Tennessee has been a national leader in supporting efforts to ensure all students are taught by a highly effective teacher. These efforts are driven by broad research demonstrating the impact of teachers on student outcomes. While the narrative traditionally assumes teacher effectiveness is a fixed characteristic, emerging research demonstrates that Tennessee’s efforts to improve the effectiveness of teachers across the continuum, including those already working in our classrooms, is paying dividends.

Those findings come from the Tennessee Education Research Alliance (TERA) in its recently released brief Exploring Teacher Improvement in Tennessee: Evidence from TERA. Here are other key points from the report:

Teachers improve over the course of their careers across subjects and effectiveness measures. Teachers improve at a more rapid pace during the first few years of their career, with teachers, on average, rising from the 36th to the 54th percentile in their first three years in the classroom. And while this growth is more pronounced earlier in their careers, teachers continue to improve throughout their careers, with between 20 and 30 percent of a teacher’s overall improvement occurring during the 5th and 25th year of teaching.

Teacher improvement varies by district and school. While all teachers, on average, improve their craft over time, those improvements are not equally distributed across districts and schools. In fact, almost half of all variation in teacher improvement has nothing to do with the teachers themselves, but the school in which they teach.

Teacher improvement is similar in higher-poverty and lower-poverty schools. The overall growth for teachers does not vary based on whether they teach in a high- or low-poverty school; however, there are slightly steeper improvements for math teachers in high-poverty schools.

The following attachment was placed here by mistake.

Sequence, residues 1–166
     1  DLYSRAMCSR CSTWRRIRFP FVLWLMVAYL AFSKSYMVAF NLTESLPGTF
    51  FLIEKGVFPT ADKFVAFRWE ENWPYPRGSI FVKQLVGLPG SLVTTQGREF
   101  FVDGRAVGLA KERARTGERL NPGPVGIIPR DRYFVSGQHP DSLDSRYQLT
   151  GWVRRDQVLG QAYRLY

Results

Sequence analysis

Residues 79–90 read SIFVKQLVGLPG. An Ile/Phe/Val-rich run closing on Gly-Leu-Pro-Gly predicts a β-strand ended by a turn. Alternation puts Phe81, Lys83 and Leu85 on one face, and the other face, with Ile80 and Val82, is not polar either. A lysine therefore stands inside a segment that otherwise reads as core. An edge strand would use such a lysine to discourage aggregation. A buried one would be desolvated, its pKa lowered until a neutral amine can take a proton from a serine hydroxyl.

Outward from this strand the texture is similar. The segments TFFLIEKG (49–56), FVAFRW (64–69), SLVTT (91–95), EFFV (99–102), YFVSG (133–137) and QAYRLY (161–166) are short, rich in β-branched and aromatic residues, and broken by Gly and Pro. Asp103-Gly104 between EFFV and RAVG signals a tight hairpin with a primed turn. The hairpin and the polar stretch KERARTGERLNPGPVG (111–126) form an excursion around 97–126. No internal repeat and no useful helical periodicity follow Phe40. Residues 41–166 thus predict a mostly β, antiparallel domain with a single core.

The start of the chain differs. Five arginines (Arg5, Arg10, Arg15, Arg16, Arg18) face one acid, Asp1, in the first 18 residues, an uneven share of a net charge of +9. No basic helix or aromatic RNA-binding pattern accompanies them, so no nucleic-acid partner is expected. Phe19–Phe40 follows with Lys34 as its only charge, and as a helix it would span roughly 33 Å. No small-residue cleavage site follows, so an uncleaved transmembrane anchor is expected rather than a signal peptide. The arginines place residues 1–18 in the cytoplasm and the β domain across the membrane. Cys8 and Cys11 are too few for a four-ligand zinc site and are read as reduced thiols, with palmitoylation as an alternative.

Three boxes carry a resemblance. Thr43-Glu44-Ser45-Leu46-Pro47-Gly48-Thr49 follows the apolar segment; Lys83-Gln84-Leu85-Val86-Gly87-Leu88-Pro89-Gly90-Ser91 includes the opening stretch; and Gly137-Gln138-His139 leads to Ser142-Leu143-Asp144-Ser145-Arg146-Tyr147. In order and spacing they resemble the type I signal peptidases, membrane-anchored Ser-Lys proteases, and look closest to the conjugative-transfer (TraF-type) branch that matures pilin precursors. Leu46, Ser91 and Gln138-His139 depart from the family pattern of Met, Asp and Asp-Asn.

Teacher improvement is steeper in recent years. Teacher improvement has been more rapid from 2013 to 2015 compared to 2008 to 2010. These improvements are faster and sustained in all subjects except math.

SCORE’s 2017 report, Excellence For All: How Tennessee Can Lift Our Students To Best In The Nation, laid forth a bold vision that aligns well with the brief’s findings. For starters, first-year teachers enter the profession at different readiness levels. Therefore, recruiting high-potential candidates and preparing them well for the classroom sets up first-year teachers for success. Second, once they arrive, the supports teachers receive their first few years are critical to accelerating their growth. And last, while not explicitly covered in the brief, it is important that we honor the profession through pay, continued support, and leadership opportunities.

Looking ahead, I’m excited to see continued research into many of the questions that this brief examines, from the impact of teacher preparation to teacher improvement and reasons for improvement differences between districts and schools.

To learn more and hear directly from the researchers, please listen to the TERA podcast discussing the findings.